(Free Translation)


“With the arrival of Av we diminish [joy]” — the opposite of regular behavior. Ordinary behavior for Jews is, “Serve the L‑rd with joy,” and since His service must be with perfection, thus the joy must also be full and perfect. When we are to “diminish joy,” that is the opposite of ordinary behavior.

There is a familiar statement, “Descent is for the purpose of ascent.” It is obvious then that “diminishing joy” — which is a radical descent (since it is the opposite of regular conduct) is for the purpose of leading to a radical ascent.


Exile in general is descent, and in the first instance of exile we find that “we have descended and descended” was for the end that, “I shall take you up and up.” The fulfillment of “I shall take you up” happened at the Exodus and the promise “and (go) up” will be at the impending redemption.

Even if we are, G‑d forbid, in a state of “not meriting” and can only await “in its time,” the Talmud assures us that “all the predestined dates [for redemption] have ended.” It follows that it is certainly past “its time.”

Beyond every doubt the time of “the end has come” has already passed, and G‑d will not detain us for the blink of an eye. This has been said about the Exodus from Egypt and applies as well to the coming redemption, for it shall be “like the days when I took you from Egypt.”

Similarly, the descent of diminishing joy with the coming of Av, which is a consequence of the descent of exile, is for the ascent that the month will be transformed into joy.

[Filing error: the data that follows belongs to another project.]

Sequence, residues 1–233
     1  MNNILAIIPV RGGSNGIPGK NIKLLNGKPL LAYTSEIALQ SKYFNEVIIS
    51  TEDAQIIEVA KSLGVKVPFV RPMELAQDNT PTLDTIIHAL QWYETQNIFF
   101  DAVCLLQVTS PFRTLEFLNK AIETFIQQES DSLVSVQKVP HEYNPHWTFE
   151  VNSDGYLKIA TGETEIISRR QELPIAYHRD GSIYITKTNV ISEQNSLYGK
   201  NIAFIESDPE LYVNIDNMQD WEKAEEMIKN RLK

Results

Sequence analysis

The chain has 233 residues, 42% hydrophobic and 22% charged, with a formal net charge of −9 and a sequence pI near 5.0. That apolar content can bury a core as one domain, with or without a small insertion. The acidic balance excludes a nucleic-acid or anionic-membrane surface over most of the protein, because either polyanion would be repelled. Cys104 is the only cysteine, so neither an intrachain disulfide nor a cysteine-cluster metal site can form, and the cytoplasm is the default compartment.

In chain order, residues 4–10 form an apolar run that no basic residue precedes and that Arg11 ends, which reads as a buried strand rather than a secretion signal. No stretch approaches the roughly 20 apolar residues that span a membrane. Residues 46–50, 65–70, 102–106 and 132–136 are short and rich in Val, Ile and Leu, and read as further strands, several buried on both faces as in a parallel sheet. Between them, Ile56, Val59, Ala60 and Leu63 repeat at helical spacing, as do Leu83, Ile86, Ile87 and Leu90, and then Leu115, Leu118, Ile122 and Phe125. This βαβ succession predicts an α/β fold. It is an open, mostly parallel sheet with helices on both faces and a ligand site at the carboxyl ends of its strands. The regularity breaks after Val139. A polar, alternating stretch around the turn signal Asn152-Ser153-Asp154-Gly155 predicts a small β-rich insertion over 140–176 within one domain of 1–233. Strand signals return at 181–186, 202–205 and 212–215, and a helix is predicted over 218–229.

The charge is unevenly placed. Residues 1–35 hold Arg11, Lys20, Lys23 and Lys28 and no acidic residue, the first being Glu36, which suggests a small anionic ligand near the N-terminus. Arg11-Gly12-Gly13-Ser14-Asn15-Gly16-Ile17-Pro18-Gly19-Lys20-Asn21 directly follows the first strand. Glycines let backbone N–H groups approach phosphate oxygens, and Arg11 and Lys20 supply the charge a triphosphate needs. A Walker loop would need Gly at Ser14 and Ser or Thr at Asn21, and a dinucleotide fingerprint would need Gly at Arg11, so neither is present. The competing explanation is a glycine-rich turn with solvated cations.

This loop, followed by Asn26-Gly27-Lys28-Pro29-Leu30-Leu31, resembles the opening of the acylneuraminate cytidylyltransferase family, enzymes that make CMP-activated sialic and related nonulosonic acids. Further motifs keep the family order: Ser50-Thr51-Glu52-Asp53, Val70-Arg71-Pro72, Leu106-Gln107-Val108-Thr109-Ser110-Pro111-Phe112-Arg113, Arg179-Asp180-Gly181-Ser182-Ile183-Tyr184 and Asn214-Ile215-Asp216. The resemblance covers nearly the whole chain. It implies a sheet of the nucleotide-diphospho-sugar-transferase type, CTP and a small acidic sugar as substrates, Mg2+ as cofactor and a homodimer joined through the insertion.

This concept is emphasized more clearly and in salient words in Yalkut Shimoni on Yirmiya, (a book that “discusses the Destruction”) and in Yirmiya proper at the very beginning. The words at the start, “in the fifth month” (the month we “diminish joy”) —

— “the Lion (Ari) rose [meaning Nevuchadnezar]

— in the mazal of the Lion (Ari) [the fifth month]

— and destroyed Ariel [referring to Jerusalem, and/or the Sanctuary in general, or to the altar in the Sanctuary]

— and this was “so that the Lion [the Holy One of Whom it is said, “The Lion roars, Who is not frightened?”] should come

— during the mazal of Ari and

— reconstruct Ariel.”

Yalkut Shimoni goes on to explain that “the Lion will come during the mazal of Ari” and bring about that “I will transform their grief to happiness.” The fact that “the Lion rose during the mazal of Ari, and destroyed Ariel” is for a specified purpose, the reconstruction. We learn from this that the process of “diminishing joy with the coming of Av” was originally intended with a purpose, that there may be the “transformation of grief to happiness.”


For whatever Heaven endows us, we are to make appropriate vessels. These “vessels” are Torah and Mitzvos, so they are not only vessels to receive what He endows, but they also elicit the endowment and bring the endowment sooner.

In this context: we are to create vessels to call forth and bring forth more swiftly the fulfillment of “Ari will come in the mazal of Ari and construct Ariel.”


The definition of the “appropriate vessels” in this case is found at the close of the Haftorah of Shabbos Chazon, [the beginning of this Shabbos, like the beginning of any Shabbos, is the “first day of the Shabbos (week).” At this moment, the eve of the second day is the close and end of the first day.]

“Zion will be redeemed with Mishpot, and those who return to her — with Tzedakah.” The Alter Rebbe explains: Mishpot means Halachos; Tzedakah means simply Tzedakah [charity].